This Saturday, negotiations will resume in Costa Rica regarding the constitutional crisis in Honduras. The negotiations are at a critical stage, with President Zelaya vowing to return to Honduras if an agreement is not reached this weekend. International pressure on all parties prior to these talks is vital to ensure that constitutional order is restored, that President Zelaya is reinstated and violence is prevented. WOLA joins OAS Secretary General in his optimism for the upcoming conversations.
In the view of Joy Olson, WOLA Executive Director, “If negotiations this weekend do not yield an agreement that includes the restoration of President Zelaya, the United States should suspend the Millennium Challenge Account (MCC) funds to the de facto Government of Honduras.”
The US has already suspended military aid and other US assistance that goes directly to the Honduran government. MCC funding is contingent on a recipient government’s compliance with certain indicators such as civil liberties, political rights and democratic processes. MCC funds were withheld from Nicaragua last year after the November elections appeared to be severely compromised. The United States must do the same in Honduras.
In addition, WOLA continues to be concerned about the on going violations of human rights since the coup occurred. Yesterday, the Committee of Families of the Detained and Disappeared of Honduras (COFADEH) released its report documenting incidents of human rights violations in the last seventeen days including over a thousand unlawful detentions (primarily of peaceful demonstrators), press censorship and threats and attacks against family members of Cabinet officials in the Zelaya government. The de facto government has also reinstated the curfew, suspending a number of civil liberties. WOLA condemns all acts of violence and calls on the acting government to respect human rights.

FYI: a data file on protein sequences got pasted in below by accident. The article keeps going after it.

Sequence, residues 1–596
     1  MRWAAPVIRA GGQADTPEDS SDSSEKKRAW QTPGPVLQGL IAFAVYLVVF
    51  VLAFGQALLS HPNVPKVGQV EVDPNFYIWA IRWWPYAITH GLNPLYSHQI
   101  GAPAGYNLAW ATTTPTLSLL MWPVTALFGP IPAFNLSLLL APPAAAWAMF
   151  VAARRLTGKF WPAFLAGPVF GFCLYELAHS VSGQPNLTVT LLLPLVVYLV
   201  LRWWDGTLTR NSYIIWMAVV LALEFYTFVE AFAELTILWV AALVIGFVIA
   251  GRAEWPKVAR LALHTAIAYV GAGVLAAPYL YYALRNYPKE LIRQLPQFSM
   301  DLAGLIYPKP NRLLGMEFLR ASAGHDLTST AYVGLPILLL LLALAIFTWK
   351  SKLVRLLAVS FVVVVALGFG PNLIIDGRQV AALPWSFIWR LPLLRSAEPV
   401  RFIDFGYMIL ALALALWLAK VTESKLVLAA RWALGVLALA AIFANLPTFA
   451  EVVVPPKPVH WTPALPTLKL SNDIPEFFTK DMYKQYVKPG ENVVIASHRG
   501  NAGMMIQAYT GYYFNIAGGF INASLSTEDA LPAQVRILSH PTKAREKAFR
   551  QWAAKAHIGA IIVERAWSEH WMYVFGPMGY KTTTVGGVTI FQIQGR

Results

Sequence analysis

The democratic crisis in Honduras goes far beyond this immediate crisis of constitutional order. Honduras transitioned from a military controlled government to a civilian government in the early 1980s, a critical step to establishing electoral democracy. Nevertheless, this transition did not make the political party system in Honduras more broadly representative, and did little to reduce the entrenched poverty and inequality that has made Honduras one of the poorest countries in the Western Hemisphere. “The Honduran people are clamoring for change,” said Olson. “Once constitutional order is restored, we encourage Hondurans to design and implement a process, with the support of the international community, that will address these fundamental issues.”
Maureen Meyer, Associate on Mexico and Central America, [email protected],
Vicki Gass, Senior Associate on Rights and Development, [email protected].